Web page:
Monday, 10 August 2015

Book Review: Our Moon Has Blood Clots


‘I was 14 when we were forced to leave our home in Srinagar along with my family. For me, exile is permanent. Homelessness is permanent. I am uprooted in my mind. There is nothing I can do about it. My idea of home is too perfect. My idea of love is too perfect. Home and love are intertwined. I am like my grandfather, who never left his village his whole life. It was deepl embedded in his matrix: too perfect to be replicated elsewhere,’ said an emotional Rahul Pandita at the book launch of his book, ‘Our Moon Has Blood Clots’ in February 2013.

The heartbreaking story of Kashmir has so far been told through the prism of the brutality by the Indian state and the pro-independence demands of separatists. ‘Our Moon Has Blood Clots’ is a document about the unspoken chapter in the story of Kashmir which rarely receives any attention. The exodus of Kashmiri Pandits: the Hindu minority in a Muslim-majority Kashmir which was purged in a violent ethnic cleansing backed by Islamist militants. Consequently, 350,000 Kashmiri Pandits were forced to live in exile as refugees in many parts across India.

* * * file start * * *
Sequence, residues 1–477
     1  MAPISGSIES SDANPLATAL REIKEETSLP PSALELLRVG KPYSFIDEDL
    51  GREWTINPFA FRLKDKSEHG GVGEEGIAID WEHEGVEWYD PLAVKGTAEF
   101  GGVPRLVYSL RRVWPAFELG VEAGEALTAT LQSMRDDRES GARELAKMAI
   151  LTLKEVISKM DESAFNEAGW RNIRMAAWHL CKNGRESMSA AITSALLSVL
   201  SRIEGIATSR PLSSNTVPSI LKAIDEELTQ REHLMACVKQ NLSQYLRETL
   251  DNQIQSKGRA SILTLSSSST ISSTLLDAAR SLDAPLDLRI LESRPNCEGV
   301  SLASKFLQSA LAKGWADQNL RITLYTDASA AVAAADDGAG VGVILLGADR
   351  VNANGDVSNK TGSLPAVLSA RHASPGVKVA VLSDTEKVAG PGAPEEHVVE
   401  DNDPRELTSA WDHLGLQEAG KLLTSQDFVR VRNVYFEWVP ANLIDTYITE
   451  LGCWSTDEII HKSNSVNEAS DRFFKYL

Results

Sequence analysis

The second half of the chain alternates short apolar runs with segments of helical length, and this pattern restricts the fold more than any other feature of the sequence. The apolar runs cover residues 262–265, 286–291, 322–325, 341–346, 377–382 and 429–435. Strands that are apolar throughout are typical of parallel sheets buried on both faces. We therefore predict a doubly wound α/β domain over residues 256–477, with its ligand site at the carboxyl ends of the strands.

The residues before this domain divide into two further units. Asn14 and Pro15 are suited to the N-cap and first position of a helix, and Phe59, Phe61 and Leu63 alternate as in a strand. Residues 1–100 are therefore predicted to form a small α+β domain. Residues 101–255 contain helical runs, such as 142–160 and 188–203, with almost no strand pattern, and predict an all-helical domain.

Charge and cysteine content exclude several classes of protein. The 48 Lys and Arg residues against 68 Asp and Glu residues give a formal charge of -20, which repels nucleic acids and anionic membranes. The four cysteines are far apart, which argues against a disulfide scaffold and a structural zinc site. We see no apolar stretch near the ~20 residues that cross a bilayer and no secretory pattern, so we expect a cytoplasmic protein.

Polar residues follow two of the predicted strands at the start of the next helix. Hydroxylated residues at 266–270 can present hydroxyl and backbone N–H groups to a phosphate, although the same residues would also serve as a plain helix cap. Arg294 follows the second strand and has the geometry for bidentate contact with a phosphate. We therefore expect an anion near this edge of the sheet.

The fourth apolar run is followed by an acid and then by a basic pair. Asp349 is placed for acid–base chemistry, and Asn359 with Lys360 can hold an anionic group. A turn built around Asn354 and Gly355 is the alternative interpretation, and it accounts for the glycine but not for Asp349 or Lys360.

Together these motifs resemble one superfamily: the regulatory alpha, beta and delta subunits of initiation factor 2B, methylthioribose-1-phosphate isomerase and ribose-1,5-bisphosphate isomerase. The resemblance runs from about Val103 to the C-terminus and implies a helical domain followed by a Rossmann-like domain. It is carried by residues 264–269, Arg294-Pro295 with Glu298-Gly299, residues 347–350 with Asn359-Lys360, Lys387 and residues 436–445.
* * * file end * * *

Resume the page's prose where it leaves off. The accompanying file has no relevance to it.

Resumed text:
‘Our Moon Has Blood Clots’ is a heart wrenching tale about how heinous atrocities took place in a state and yet the government failed to soothe frayed tempers. The exodus of Kashmiri Pandits, sadly, remains one of the most disturbing chapters in India’s history. As Milan Kundera once wrote, “The struggle of man against power is the struggle of memory against forgetting.” Yet, we see the indifference of our society which has been highlighted significantly in the book as the suffering of Kashmiri Pandits have been ignored. Theirs, unfortunately, is a story which has not received media coverage, no support from NGO cheerleaders, total ignorance from society at large and near neglect from successive central and state governments.


In a deeply personal account against forgetting, Rahul Pandita recounts how ‘home’ for him is no longer a reality. Having lost his brother during the violence, his book is revisiting history through the eyes of a local who has seen it all. The powerful tone of the book throws a sharp new light on to one of the most tragic conflicts in modern India. With every paragraph of this deeply compelling memoir ringing true, this book is a must read for anyone who is willing to explore truth in their own way. 

P.S.: This post was written as part of the Reading India Challenge hosted by #TSBC. To know more about the challenge, you may read about it here:

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